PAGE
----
Any discussion of flaws in the United States patent system inevitably turns to the system’s modern villain: non-practicing entities, known more colorfully as patent trolls. For many years, however, discussions about non practicing entities have been long on speculation and short on data.
In 2011 Congress directed the nonpartisan Government Accountability Office to study the effects of non-practicing entities on patent litigation. At the request of the GAO, we collected and coded a set of patent lawsuits filed over the past five years. This article presents our analysis of the data and its implications.
The data confirm in a dramatic fashion what many scholars and commentators have suspected: patent monetization entities play a role in a substantial portion of the lawsuits filed today. Based on our sample, lawsuits filed by patent monetizers have increased from 22% of the cases filed five years ago to almost 40% of the cases filed in the most recent year. In addition, of the five parties in the sample who filed the greatest number of lawsuits during the period studied, four were monetizers and only one was an operating company.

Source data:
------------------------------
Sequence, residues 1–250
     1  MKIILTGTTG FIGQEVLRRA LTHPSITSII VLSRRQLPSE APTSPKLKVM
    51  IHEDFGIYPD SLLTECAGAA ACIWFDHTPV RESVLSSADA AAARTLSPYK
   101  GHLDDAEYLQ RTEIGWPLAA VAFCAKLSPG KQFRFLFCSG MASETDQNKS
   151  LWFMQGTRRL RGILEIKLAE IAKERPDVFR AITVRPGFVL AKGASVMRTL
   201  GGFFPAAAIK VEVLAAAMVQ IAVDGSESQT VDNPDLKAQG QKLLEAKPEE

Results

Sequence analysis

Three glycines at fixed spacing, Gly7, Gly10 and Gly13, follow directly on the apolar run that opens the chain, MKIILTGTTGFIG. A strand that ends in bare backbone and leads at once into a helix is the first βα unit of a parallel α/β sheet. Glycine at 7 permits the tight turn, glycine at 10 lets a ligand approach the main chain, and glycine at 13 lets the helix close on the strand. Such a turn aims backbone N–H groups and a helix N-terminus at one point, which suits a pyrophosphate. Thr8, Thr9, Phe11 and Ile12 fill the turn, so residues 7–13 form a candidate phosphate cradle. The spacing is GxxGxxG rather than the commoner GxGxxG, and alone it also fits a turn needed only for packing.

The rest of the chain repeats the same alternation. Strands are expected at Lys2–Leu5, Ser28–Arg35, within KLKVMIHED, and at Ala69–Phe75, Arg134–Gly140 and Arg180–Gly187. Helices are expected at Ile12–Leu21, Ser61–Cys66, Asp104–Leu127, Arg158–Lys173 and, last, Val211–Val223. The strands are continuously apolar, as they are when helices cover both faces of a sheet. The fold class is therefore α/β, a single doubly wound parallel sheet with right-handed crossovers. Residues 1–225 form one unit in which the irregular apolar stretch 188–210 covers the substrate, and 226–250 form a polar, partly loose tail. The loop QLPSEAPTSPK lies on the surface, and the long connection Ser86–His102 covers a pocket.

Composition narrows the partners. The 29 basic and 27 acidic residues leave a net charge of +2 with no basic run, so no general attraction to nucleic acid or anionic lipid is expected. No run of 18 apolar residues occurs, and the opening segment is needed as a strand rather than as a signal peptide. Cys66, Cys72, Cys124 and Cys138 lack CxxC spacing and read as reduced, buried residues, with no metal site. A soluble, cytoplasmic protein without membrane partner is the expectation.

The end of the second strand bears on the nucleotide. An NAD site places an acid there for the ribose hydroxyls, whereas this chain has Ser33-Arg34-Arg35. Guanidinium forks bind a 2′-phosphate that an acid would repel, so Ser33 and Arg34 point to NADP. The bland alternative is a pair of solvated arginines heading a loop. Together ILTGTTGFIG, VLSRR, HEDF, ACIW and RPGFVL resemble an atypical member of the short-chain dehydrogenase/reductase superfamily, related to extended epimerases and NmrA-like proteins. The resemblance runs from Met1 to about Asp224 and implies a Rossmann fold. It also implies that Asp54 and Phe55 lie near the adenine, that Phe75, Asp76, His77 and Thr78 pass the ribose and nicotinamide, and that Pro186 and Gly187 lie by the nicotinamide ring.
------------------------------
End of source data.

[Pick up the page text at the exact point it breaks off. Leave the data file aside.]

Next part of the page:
Of additional note, universities, which are sometimes grouped with non-practicing entities on the theory that they do not make products, were almost invisible and accounted for only 0.2% of the cases in our sample. Finally, Patent monetizers were unlikely to advance very far in the trial process, generally settling prior to a summary judgment decision. Our article details these and other results of the study.
Feldman, Robin Cooper, Jeruss, Sara & Walker, Joshua H, The America Invents Act 500: Effects of Patent Monetization Entities on US Litigation, Duke Law & Technology Review, Forthcoming (October 7, 2012)